How to extract cell values from a GeoTIFF file using NumPy

Dr. Huidae Cho
Institute for Environmental and Spatial Analysis...University of North Georgia

1   Introduction

Try these exercises first:

In this exercise, we want to extract cell values that satisfy certain conditions. Our goal is not to create subsets of a GeoTIFF file as 2-dimensional maps. Instead, we’re only interested in their cell values, not their locations. Use elevation.tif. To extract cells while retaining their location information, see this exercise.

extracted-cells.png

2   Python code

from osgeo import gdal
import matplotlib.pyplot as plt

def read_geotiff(filename):
    ds = gdal.Open(filename)
    band = ds.GetRasterBand(1)
    arr = band.ReadAsArray()
    del ds, band
    return arr

elev_arr = read_geotiff("elevation.tif")
elev_mean = elev_arr.mean()
elev_std = elev_arr.std()

print("# Elevation statistics")
print("The mean elevation is", elev_mean)
print("The standard deviation of elevation is", elev_std)

low_band = elev_arr[elev_arr < elev_mean-elev_std]
middle_band = elev_arr[(elev_arr >= elev_mean-elev_std) &
                       (elev_arr <= elev_mean+elev_std)]
high_band = elev_arr[elev_arr > elev_mean+elev_std]

print()
print("# Low band statistics")
print("The mean elevation of the low band is", low_band.mean())
print("The xtandard deviation of the low band is", low_band.std())

print()
print("# Middle band statistics")
print("The mean elevation of the middle band is", middle_band.mean())
print("The xtandard deviation of the middle band is", middle_band.std())

print()
print("# High band statistics")
print("The mean elevation of the high band is", high_band.mean())
print("The xtandard deviation of the high band is", high_band.std())

# upper left
plt.subplot(221)
plt.imshow(elev_arr)

# upper right
plt.subplot(222)
plt.plot(low_band)

# bottom left
plt.subplot(223)
plt.plot(middle_band)

# bottom right
plt.subplot(224)
plt.plot(high_band)

plt.show()

3   Explanation

We need these two modules.

from osgeo import gdal
import matplotlib.pyplot as plt

Define the read_geotiff() function that reads a GeoTIFF and its NumPy array.

def read_geotiff(filename):
    ds = gdal.Open(filename)
    band = ds.GetRasterBand(1)
    arr = band.ReadAsArray()
    del ds, band
    return arr

Now, call this function to read a GeoTIFF file and get a NumPy array.

elev_arr = read_geotiff("elevation.tif")

Using the mean() and std() functions in the NumPy array class, calculate the mean and standard deviation of the elevation data.

elev_mean = elev_arr.mean()
elev_std = elev_arr.std()

Print the elevation statistics. The print() function can take an arbitrary number of arguments to print. For example, print("The mean elevation is", elev_mean) prints the string The mean elevation is and a number in elev_mean separated by a space.

print("# Elevation statistics")
print("The mean elevation is", elev_mean)
print("The standard deviation of elevation is", elev_std)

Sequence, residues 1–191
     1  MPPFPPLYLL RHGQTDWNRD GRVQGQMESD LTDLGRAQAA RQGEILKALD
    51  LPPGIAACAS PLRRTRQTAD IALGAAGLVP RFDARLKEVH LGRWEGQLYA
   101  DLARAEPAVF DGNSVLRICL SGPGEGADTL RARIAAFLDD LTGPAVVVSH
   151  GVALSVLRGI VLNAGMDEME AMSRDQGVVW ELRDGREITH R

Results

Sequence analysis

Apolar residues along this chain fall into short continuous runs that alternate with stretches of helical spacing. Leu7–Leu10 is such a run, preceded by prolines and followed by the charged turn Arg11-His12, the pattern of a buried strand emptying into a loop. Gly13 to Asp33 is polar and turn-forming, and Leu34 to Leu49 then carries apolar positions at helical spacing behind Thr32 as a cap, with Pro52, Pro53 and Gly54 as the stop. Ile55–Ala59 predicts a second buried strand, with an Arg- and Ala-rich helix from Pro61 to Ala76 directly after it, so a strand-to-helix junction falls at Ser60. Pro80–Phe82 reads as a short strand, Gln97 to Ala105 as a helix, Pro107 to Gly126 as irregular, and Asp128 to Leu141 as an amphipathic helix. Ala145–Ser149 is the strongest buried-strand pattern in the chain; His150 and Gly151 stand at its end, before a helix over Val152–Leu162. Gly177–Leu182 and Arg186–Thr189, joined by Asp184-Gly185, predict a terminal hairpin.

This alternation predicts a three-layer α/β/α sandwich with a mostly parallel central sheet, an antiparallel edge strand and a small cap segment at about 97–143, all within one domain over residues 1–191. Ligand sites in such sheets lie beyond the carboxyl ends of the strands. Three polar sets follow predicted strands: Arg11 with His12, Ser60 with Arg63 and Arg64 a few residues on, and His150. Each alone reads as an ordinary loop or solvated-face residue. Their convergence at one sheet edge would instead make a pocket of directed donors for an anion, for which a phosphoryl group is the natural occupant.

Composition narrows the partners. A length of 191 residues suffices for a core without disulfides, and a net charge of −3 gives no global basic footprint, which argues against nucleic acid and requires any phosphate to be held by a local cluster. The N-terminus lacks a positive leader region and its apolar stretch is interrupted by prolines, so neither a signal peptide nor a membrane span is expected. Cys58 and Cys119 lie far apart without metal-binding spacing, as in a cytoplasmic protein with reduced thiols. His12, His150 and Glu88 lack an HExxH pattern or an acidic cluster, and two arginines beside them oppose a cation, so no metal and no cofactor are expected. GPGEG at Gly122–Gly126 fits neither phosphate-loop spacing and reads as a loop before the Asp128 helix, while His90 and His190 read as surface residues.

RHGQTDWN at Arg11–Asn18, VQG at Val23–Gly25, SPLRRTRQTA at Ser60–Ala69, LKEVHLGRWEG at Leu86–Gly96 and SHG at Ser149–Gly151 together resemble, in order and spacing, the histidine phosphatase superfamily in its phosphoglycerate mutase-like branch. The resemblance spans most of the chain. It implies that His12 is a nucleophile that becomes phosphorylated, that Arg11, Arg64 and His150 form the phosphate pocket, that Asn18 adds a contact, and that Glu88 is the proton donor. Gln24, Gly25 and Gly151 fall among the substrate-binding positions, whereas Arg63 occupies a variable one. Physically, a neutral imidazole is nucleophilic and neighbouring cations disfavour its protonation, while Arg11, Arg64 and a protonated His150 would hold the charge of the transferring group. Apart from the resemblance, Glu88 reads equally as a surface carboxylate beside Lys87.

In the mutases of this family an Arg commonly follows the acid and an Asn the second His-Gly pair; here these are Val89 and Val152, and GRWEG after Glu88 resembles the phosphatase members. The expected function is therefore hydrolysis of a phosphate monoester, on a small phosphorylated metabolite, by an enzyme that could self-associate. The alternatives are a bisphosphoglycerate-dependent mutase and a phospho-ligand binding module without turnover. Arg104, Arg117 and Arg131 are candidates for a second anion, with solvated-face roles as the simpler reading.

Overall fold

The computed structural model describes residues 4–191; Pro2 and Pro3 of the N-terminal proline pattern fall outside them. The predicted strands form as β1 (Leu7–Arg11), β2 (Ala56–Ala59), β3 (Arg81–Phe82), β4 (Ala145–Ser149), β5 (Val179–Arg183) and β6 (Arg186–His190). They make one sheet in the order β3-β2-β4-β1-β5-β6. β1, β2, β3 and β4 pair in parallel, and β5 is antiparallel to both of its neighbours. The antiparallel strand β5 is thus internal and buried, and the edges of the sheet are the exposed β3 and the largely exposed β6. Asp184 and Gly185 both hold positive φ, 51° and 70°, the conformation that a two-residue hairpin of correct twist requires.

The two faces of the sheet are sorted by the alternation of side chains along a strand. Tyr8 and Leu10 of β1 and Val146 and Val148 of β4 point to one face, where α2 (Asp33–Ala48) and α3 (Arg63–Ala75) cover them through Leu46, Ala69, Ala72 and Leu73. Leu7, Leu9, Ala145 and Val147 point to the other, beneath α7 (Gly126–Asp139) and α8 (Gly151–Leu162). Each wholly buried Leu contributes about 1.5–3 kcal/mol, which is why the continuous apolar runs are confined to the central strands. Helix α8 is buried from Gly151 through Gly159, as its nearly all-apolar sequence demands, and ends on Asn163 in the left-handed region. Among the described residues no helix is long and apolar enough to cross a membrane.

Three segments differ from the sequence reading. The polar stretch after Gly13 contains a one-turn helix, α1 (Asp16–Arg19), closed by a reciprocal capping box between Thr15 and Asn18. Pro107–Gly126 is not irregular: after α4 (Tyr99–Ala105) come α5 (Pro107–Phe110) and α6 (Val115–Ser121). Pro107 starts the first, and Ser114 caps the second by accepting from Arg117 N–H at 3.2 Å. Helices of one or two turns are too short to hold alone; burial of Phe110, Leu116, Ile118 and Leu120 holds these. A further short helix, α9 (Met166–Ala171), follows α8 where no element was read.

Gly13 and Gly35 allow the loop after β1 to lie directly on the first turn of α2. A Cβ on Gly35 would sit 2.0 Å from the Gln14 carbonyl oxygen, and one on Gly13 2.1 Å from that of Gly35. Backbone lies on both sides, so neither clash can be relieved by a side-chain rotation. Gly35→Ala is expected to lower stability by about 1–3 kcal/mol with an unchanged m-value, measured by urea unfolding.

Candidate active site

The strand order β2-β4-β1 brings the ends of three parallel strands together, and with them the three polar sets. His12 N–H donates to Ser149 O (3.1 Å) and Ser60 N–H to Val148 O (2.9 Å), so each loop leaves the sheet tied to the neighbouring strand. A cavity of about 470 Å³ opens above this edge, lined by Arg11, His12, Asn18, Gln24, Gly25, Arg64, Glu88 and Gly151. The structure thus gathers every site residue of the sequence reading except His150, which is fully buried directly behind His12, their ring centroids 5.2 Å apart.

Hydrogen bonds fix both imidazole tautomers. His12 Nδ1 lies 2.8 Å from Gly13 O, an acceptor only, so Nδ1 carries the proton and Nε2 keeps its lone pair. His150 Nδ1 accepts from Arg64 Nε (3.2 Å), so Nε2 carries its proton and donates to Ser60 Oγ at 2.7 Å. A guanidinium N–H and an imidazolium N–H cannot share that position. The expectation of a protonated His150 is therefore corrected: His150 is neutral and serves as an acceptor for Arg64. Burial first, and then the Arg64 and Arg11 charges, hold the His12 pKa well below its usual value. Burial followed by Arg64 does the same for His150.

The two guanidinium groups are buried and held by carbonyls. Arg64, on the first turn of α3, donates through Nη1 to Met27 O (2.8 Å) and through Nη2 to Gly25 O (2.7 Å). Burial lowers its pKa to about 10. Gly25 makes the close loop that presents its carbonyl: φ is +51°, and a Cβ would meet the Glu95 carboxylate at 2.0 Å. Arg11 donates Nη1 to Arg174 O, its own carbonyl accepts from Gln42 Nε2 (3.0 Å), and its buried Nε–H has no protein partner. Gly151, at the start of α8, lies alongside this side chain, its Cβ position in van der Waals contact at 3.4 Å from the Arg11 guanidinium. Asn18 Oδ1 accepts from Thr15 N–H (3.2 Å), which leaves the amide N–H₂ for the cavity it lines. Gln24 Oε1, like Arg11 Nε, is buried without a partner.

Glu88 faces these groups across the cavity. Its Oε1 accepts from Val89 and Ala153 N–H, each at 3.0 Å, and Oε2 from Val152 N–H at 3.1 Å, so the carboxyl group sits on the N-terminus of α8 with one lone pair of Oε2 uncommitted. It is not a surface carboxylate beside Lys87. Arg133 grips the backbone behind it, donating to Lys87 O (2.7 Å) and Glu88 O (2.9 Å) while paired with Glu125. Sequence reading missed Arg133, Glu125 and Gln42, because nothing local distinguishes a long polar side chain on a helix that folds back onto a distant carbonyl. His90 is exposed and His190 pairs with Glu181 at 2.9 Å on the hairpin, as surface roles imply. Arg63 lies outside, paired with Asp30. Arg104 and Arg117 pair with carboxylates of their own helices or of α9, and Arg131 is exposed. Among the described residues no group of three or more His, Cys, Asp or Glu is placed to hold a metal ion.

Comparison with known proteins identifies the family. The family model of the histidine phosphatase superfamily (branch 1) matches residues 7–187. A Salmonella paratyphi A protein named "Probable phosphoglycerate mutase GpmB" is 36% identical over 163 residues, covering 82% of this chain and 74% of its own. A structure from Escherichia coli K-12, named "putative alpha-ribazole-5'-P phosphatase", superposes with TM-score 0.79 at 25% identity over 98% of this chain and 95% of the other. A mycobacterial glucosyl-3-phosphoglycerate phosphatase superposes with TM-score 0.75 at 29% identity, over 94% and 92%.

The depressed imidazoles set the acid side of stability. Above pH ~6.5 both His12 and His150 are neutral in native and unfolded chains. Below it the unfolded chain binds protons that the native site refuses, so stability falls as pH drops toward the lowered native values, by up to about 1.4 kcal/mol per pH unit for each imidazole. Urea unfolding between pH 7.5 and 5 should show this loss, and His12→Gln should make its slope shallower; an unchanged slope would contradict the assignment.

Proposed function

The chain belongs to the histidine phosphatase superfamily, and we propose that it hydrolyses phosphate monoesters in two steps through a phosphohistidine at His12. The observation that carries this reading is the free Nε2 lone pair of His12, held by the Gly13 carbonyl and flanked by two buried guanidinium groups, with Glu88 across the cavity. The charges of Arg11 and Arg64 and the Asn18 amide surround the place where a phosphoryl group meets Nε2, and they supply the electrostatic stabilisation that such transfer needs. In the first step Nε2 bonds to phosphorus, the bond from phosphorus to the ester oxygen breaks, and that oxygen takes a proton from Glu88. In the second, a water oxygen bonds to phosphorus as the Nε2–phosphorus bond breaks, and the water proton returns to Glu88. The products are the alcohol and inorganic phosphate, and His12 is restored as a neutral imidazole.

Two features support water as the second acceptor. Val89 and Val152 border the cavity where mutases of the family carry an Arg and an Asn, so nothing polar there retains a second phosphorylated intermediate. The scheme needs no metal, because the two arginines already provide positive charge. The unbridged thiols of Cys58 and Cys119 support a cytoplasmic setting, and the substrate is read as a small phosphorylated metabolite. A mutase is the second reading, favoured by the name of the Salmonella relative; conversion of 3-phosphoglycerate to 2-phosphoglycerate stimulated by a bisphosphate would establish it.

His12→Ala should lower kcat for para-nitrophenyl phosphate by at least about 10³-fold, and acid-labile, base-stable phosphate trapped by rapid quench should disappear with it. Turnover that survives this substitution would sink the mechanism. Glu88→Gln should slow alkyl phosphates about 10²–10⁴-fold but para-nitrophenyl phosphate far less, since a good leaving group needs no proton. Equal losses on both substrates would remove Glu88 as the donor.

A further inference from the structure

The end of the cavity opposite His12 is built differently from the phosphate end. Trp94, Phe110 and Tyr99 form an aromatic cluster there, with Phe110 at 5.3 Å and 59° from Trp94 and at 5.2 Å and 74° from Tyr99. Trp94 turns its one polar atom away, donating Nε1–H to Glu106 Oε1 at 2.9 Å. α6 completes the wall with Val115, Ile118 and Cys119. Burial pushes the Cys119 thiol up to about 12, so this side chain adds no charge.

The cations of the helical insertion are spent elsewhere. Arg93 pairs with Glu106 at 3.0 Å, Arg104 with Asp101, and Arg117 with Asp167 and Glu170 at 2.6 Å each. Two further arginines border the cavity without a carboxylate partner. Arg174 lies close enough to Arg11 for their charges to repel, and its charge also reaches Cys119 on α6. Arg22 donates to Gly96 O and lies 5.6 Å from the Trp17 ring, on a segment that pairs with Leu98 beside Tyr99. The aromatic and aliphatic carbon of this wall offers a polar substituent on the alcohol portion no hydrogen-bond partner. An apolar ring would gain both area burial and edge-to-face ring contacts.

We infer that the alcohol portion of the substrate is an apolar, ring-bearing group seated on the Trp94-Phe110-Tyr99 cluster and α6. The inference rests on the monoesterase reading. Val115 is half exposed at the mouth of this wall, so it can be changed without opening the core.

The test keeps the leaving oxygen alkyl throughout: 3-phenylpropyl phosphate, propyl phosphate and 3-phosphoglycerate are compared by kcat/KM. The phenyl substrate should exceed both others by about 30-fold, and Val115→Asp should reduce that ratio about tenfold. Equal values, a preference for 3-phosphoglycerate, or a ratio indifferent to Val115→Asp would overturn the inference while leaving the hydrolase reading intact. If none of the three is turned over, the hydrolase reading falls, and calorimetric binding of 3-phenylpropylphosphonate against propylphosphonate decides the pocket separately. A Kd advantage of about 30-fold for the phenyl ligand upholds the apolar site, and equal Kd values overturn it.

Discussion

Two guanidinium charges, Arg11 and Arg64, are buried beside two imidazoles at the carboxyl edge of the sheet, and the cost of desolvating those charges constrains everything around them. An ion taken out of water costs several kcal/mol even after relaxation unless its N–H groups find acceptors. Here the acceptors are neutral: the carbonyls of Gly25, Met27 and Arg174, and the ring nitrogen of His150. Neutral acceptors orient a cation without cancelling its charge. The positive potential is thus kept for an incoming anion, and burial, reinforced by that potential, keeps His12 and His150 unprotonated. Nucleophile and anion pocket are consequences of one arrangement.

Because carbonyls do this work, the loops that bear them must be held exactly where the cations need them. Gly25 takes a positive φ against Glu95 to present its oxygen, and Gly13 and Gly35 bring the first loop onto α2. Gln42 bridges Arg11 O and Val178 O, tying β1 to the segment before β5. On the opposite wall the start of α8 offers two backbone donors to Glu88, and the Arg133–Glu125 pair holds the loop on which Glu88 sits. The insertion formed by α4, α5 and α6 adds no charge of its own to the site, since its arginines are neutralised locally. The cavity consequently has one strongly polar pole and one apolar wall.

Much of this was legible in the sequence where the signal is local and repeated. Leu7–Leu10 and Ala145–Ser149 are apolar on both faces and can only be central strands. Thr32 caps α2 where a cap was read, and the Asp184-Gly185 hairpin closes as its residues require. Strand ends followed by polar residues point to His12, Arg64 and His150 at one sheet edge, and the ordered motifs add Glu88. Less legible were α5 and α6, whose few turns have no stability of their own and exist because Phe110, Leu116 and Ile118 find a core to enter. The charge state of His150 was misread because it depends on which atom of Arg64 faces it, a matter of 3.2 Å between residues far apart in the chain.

Extract elevation cell values that are less than the mean minus standard deviation. Here, we use elev_arr < elev_mean-elev_std to create a boolean array for indexing elev_arr. The shape of this boolean array is the same as that of elev_arr. elev_arr[elev_arr < elev_mean-elev_std] returns elev_arr cell values whose boolean counterpart in elev_arr < elev_mean-elev_std is True. It returns a 1-dimensional array.

low_band = elev_arr[elev_arr < elev_mean-elev_std]

For the middle band, we need to extract cell values that are between two numbers: the mean minus standard deviation and the mean plus standard deviation. In this case, we cannot use the regular and combine >= and <= conditions because this operator takes two bool operands, but conditioning boolean arrays are not of the bool type, but they are arrays of bool. The & operator combines two boolean arrays element-wise and create a new boolean array of the same shape. In this case, the shapes of elev_arr >= elev_mean-elev_std and elev_arr <= elev_mean+elev_std are the same as that of elev_arr. We use parentheses () to make sure that each boolean operand is evaluated first. Without parentheses, the & operator will take elev_mean-elev_std and elev_arr, which have different shapes.

middle_band = elev_arr[(elev_arr >= elev_mean-elev_std) &
                       (elev_arr <= elev_mean+elev_std)]

Last, we extract high-band elevation cells.

high_band = elev_arr[elev_arr > elev_mean+elev_std]

print() prints an empty line to separate output lines.

print()
print("# Low band statistics")
print("The mean elevation of the low band is", low_band.mean())
print("The xtandard deviation of the low band is", low_band.std())

print()
print("# Middle band statistics")
print("The mean elevation of the middle band is", middle_band.mean())
print("The xtandard deviation of the middle band is", middle_band.std())

print()
print("# High band statistics")
print("The mean elevation of the high band is", high_band.mean())
print("The xtandard deviation of the high band is", high_band.std())

Let’s plot these data in a 2-by-2 grid. plt.subplot(221) means that we want to create a 2-by-2 grid (the first 22) and place the following command at index 1. Subfigure indexing starts from the upper-left corner using 1-based indexing and grows towards the right and then the bottom.

# upper left
plt.subplot(221)
plt.imshow(elev_arr)

# upper right
plt.subplot(222)
plt.plot(low_band)

# bottom left
plt.subplot(223)
plt.plot(middle_band)

# bottom right
plt.subplot(224)
plt.plot(high_band)

plt.show()

4   References